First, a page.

to be capable of increasing the rate of hydrolysis of GTP that is bound to G proteins. When GTP is
rapidly hydrolyzed, the signaling pathway is inhibited. There are approximately 30 known RGS
proteins; evidence suggests that RGS4 may be one of the RGS proteins that ‘turns off’ MOR signaling.
Currently, it is not clear if RGS proteins associate directly and indiscriminately with all G proteins in a
cell or if RGS proteins are attracted only to G proteins that activated by a specific receptor. Our
laboratory has used anti-MOR to immunoprecipitate the MOR in association with endogenous RGS4.
We also demonstrated that activation of MOR could cause the G protein Gαo and Gαi3 to bind to
recombinant RGS4. In a functional assay, we showed that recombinant RGS4 could noncompetitively
diminish Mu receptormediated inhibition of adenylyl cyclase activity. These findings identify RGS4 as
an RGS protein that negatively regulated MOR signaling.
August 9: Dr. Courtney Petro, Postdoctoral Fellow, Dept. of Microbiology and Immunology
Title: Insights into Stages of Type IV Pilus Biogenesis
Description: Enteropathogenic Escherichia coli (EPEC) is a bacterium capable of causing diarrhea.
EPEC infections are most often seen in children in under-developed countries. A structure on the
surface of the cells called the Type IV Pilus (TFP), allows EPEC cells to attach to host cells and cause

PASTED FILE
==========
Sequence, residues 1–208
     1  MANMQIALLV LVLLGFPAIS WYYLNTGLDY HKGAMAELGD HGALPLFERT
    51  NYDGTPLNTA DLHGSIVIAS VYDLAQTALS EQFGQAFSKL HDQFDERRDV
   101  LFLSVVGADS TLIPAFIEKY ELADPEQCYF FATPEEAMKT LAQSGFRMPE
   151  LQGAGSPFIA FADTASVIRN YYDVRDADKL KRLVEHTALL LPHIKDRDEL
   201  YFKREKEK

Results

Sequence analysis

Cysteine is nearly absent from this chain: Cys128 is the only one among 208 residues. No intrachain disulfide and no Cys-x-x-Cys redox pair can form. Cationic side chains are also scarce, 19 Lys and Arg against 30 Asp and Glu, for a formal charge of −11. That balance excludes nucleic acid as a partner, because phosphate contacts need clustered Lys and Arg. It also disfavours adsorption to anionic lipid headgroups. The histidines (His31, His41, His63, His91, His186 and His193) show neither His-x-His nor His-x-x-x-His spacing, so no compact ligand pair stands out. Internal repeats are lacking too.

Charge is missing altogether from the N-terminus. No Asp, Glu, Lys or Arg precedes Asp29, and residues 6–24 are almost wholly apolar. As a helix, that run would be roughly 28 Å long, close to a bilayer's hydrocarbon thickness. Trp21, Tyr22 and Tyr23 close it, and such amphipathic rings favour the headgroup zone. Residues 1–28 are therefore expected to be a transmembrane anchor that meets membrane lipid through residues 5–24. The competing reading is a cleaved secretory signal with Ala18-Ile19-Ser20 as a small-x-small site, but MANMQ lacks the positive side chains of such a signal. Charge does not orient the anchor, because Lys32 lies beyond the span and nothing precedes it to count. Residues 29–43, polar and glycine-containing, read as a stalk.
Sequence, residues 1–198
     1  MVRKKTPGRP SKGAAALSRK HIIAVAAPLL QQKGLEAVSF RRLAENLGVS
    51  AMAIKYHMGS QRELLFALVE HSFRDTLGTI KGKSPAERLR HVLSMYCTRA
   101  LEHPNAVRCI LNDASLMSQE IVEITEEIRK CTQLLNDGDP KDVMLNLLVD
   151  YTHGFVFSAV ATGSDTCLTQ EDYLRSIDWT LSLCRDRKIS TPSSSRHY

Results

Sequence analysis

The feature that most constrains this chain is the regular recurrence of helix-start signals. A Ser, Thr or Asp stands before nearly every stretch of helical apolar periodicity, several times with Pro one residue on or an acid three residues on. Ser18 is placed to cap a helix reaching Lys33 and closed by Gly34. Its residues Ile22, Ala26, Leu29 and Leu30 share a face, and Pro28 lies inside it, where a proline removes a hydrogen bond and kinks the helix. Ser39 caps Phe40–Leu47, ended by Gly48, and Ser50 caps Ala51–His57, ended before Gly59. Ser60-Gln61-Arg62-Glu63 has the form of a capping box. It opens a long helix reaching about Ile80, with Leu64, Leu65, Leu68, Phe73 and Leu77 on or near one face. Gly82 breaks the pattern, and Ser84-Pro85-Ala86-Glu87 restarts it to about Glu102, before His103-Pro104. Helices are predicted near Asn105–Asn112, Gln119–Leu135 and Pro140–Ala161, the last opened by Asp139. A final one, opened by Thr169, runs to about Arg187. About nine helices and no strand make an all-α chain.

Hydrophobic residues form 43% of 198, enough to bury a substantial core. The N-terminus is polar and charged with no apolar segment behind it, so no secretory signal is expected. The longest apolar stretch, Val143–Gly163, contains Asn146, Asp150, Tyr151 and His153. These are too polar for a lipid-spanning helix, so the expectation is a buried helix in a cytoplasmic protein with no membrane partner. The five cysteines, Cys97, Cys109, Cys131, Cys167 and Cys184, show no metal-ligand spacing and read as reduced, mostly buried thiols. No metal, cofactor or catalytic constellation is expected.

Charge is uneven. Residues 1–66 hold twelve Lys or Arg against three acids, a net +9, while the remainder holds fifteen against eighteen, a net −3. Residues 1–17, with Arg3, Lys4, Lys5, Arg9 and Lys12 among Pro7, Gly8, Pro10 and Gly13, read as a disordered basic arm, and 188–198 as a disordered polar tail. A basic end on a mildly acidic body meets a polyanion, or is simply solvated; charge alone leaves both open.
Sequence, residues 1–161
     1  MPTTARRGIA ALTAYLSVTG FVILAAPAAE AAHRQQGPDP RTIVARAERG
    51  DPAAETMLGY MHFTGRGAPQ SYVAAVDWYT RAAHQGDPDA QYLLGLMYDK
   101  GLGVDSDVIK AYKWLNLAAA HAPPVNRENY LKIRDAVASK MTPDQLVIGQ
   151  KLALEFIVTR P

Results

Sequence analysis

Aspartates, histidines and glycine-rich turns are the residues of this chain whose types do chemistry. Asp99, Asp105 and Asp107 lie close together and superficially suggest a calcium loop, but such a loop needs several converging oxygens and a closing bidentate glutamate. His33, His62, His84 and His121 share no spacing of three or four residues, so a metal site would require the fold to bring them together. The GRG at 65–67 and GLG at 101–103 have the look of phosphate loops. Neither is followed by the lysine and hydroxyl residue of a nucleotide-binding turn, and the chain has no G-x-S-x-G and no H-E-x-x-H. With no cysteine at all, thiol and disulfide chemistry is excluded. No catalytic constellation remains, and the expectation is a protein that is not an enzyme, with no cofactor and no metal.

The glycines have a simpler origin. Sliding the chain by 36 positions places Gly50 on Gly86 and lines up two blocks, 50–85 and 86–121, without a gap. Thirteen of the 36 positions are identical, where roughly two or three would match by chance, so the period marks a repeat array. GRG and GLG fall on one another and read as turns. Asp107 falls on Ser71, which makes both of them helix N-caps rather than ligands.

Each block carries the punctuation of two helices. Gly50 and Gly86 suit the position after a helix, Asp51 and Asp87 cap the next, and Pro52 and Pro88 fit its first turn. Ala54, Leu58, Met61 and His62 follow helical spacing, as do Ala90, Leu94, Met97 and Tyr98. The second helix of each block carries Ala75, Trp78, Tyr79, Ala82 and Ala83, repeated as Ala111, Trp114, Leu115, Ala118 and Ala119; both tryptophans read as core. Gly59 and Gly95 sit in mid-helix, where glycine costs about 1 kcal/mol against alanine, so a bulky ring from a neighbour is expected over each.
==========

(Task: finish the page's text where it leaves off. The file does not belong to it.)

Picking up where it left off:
infection. There are many proteins required for TFP expression. In EPEC 13 proteins are required for
T4P formation. This complex machine has protein components in the cytoplasm, the inner-membrane,
the peripasm, and the outer-membrane that work together to polymerize the pilus. Little is known about
the specific protein-protein interactions, or the order of events that allow for extension of the pilus fiber
through the outer-membrane.
Using a variety of biochemical techniques, I isolated specific interactions between components
of the T4P machine. Bundlin is the protein that makes the pilus fiber; it needs to be acted upon by the
machine to allow for incorporation in the pilus. I was able to measure an interaction between bundlin
and two specific components of the T4P system. Bundlin interacts with BfpC, a protein that is embedded
in the inner-membrane and BfpU, a protein that is in the periplasm. The interaction between bundlin and
BfpU in the periplasm also allowed me to test what other proteins are required to allow bundlin to
interact with BfpU. This work has expanded our understanding of the necessary protein-protein
USU Summer Research Training Program 2016 – Cutting
Edge Research
interactions, and the order of events during T4P assembly.